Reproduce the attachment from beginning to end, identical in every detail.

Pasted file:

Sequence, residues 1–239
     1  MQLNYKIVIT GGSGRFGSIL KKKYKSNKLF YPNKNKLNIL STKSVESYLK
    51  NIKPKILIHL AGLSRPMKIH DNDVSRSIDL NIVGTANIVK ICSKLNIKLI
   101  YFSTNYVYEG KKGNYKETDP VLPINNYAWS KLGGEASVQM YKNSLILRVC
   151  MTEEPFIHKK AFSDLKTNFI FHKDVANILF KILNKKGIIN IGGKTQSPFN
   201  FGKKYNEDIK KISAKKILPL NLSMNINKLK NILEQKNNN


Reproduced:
Sequence, residues 1–239
     1  MQLNYKIVIT GGSGRFGSIL KKKYKSNKLF YPNKNKLNIL STKSVESYLK
    51  NIKPKILIHL AGLSRPMKIH DNDVSRSIDL NIVGTANIVK ICSKLNIKLI
   101  YFSTNYVYEG KKGNYKETDP VLPINNYAWS KLGGEASVQM YKNSLILRVC
   151  MTEEPFIHKK AFSDLKTNFI FHKDVANILF KILNKKGIIN IGGKTQSPFN
   201  FGKKYNEDIK KISAKKILPL NLSMNINKLK NILEQKNNN